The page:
With respect to apparent use, the Rolands argued the Davises should have discovered the ditch through reasonable inspection.  First, the Rolands pointed to language in the Davises’ deed indicating they took the property “subject to” all apparent easements.  Additionally, after purchasing the land, Fred Davis admitted seeing remnants of a ditch once the snow melted on the property, but he also stated that water never flowed in the ditch.  The court held the Rolands failed to present evidence that the Russes took any steps to undo the impediments to the Smith Ditch.

With respect to the continuous use of the easement, the Court noted that the Smith Ditch was not used at least since 1979 because the Rolands’ predecessor in interest constructed the access road that halted the flow of Smith Ditch.  Next, the Rolands did not produce evidence that any predecessor in interest attempted to correct the impediments on Smith Ditch before the Russes sold the properties.  The Court therefore held the Rolands failed to establish continuous use of the Smith Ditch easement at the time they purchased the property.  Because the Court held the Rolands did not prove apparent and continuous use, it determined that the Rolands did not acquire an implied ditch easement across the Davises’ property, eliminating the need to proceed to the final element of the implied easement test.  The Court also did not have to determine if the district court properly held that the easement was abandoned because the Rolands failed to establish that they received an implied easement in the first place.

Accordingly, the court affirmed the district court’s holding that the Rolands did not have an implied ditch easement that crossed the Davis property.


Bostwick Props., Inc. v. Montana Dept. of Natural Res. and Conservation, 2013 WL 696352 (Mont. 2013) (holding the Montana Department of Natural Resources and Conservation had the authority to deny a developer a water permit; runoff from impermeable surfaces could not be used in calculating net depletion of surface water; developer’s burden to prove lack of adverse effect was not shifted because of an uncertain hydrological connection or a senior rights holder’s ability to bring administrative action; de minimus use did not establish developer’s lack of adverse effect; developer proved lack of adverse effect for its proposed irrigation season only mitigation plan; and developer was not prejudiced by the bias of the Montana Department of Natural Resources and Conservation).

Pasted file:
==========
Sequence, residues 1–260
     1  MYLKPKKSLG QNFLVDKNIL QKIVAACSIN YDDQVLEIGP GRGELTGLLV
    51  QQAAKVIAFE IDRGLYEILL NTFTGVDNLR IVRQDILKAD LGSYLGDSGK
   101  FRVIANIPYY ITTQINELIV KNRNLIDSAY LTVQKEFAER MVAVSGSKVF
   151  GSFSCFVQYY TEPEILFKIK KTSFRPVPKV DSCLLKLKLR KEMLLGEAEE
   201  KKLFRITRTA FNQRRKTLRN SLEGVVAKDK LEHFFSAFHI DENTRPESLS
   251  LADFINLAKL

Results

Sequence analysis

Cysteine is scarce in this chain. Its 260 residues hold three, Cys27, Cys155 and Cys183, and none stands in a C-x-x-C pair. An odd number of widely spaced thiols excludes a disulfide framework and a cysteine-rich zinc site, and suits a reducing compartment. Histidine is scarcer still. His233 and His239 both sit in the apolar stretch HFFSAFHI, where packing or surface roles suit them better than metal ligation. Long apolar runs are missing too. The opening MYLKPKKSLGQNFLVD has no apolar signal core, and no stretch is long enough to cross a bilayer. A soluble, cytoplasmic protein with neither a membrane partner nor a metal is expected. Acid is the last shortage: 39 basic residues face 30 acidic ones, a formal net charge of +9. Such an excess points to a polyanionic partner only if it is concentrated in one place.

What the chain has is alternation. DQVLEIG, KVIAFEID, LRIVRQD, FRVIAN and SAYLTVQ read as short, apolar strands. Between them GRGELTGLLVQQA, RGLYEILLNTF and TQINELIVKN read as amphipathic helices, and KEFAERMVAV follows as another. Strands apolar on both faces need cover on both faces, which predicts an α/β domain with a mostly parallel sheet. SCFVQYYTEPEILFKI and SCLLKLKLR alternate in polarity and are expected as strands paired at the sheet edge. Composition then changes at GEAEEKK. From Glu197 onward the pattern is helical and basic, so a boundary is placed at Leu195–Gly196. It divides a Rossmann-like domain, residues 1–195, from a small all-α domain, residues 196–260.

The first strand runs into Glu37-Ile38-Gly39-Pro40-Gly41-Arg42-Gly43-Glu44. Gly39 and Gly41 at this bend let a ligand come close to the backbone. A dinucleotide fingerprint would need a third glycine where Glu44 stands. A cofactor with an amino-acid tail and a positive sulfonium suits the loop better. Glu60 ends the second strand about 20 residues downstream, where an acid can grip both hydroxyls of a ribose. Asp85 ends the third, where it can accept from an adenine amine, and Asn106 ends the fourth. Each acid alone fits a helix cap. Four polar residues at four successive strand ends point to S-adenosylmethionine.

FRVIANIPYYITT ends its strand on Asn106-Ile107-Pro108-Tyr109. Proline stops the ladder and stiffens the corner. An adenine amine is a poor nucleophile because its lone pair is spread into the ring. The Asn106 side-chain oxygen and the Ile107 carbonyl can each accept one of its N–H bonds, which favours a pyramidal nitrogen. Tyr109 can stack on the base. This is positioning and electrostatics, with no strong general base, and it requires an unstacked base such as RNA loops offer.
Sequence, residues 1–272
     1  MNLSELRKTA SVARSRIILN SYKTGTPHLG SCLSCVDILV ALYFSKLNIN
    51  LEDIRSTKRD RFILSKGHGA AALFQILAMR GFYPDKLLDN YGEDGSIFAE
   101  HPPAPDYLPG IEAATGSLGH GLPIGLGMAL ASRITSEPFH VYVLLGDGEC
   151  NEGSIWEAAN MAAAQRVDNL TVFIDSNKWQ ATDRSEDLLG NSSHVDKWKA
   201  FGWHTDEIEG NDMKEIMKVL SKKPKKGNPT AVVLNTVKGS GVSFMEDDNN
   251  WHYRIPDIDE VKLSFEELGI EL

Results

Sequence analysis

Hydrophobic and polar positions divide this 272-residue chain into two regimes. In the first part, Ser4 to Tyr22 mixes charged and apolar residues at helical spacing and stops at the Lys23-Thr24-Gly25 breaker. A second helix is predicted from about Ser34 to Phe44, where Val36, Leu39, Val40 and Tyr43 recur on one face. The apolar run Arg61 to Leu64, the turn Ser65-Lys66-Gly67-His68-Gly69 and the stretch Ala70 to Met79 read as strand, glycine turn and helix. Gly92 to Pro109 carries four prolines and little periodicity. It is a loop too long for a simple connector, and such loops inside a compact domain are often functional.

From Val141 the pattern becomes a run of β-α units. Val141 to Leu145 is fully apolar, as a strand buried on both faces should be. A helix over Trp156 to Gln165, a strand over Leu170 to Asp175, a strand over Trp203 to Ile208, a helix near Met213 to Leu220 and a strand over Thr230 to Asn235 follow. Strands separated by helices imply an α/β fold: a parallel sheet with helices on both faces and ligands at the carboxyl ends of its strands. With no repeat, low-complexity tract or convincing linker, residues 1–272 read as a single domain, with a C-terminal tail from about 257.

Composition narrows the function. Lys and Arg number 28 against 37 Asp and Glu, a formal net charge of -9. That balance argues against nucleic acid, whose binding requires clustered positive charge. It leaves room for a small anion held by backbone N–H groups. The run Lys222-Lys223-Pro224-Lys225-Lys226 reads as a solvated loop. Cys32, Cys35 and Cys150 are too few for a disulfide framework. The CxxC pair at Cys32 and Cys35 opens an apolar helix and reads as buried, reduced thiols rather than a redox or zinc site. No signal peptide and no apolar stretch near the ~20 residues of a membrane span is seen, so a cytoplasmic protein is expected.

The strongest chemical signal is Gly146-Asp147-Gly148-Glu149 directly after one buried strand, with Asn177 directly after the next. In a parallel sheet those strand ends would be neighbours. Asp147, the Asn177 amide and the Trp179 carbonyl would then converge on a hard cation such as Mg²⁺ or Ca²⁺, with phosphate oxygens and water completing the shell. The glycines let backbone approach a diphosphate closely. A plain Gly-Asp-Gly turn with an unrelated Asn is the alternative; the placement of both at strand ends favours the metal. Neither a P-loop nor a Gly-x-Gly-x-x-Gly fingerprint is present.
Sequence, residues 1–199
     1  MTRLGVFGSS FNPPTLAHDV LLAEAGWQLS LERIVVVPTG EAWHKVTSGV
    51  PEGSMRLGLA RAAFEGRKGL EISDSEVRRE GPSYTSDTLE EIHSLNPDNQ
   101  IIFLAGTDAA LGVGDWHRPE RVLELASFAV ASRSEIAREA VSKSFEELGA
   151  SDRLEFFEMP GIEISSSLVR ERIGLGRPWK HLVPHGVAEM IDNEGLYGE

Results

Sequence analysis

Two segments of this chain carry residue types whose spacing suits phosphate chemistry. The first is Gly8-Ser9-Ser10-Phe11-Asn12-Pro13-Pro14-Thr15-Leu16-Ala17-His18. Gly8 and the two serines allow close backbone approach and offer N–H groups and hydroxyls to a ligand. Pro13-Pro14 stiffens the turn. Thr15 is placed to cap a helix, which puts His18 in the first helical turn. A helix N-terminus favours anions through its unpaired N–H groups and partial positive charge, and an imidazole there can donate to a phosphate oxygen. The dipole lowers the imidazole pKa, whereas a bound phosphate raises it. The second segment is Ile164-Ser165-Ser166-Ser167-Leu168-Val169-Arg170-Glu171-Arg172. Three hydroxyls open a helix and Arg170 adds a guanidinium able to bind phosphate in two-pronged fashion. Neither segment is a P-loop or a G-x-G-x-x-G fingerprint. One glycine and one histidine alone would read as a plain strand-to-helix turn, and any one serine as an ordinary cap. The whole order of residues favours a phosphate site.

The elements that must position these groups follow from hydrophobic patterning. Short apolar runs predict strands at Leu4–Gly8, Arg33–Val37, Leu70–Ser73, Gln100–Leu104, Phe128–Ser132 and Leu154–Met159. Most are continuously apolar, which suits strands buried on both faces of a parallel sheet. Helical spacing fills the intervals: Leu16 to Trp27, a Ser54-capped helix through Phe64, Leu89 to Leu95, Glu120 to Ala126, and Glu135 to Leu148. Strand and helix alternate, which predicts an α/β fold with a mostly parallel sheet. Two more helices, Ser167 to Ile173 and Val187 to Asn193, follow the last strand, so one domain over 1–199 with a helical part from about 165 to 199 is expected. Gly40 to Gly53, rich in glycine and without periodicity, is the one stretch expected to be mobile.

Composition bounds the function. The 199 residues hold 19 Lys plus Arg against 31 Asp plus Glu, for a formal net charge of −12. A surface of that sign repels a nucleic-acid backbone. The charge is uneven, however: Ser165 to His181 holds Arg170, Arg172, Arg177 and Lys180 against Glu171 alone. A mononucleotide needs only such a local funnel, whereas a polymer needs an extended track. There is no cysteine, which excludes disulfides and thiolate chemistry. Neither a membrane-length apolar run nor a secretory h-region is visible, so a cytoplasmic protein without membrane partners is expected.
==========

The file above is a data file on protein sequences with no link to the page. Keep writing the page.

Bostwick Properties (“Bostwick”) filed an application with the Montana Department of Natural Resources and Conservation (“DNRC”) for a water use permit for municipal use in a subdivision in Gallatin County, Montana.   When DNRC failed to take immediate action, Bostwick sought a writ of mandate to require DNRC to issue the permit or hold a hearing on the matter.  DNRC then denied Bostwick’s water use permit saying it failed to demonstrate no net depletion of surface water, and failed to prove legal availability and lack of adverse impact.  The District Court for Gallatin County (“district court”) granted Bostwick’s writ of mandate request, which DNRC appealed to the Supreme Court of Montana (”Court”).  The Court reversed the district court’s decision and remanded the case to DNRC to hold a hearing on Bostwick’s permit application because Bostwick had not proved lack of adverse effect and DNRC had no legal duty to grant Bostwick’s permit.  After the hearing, DNRC again denied the permit, determining Bostwick’s water use would cause a net depletion of surface water; it failed to demonstrate lack of adverse effect; and its mitigation proposal was inadequate.  Bostwick sought review by the district court, which agreed DNRC failed to show no net depletion or lack of adverse effect, but found Bostwick’s proposed mitigation adequate.  Both Bostwick and DNRC appealed this decision to the Court.

The Court ruled on five issues on appeal.  First it determined whether DNRC had the authority to deny Bostwick’s permit.  Bostwick argued Montana law required DNRC to grant the permit because Bostwick settled all objections.  The Court held that not only must Bostwick resolve all objections, but it must also prove legal availability and lack of adverse effect by a preponderance of the evidence, and DNRC had the authority to deny Bostwick’s permit if it did not do so.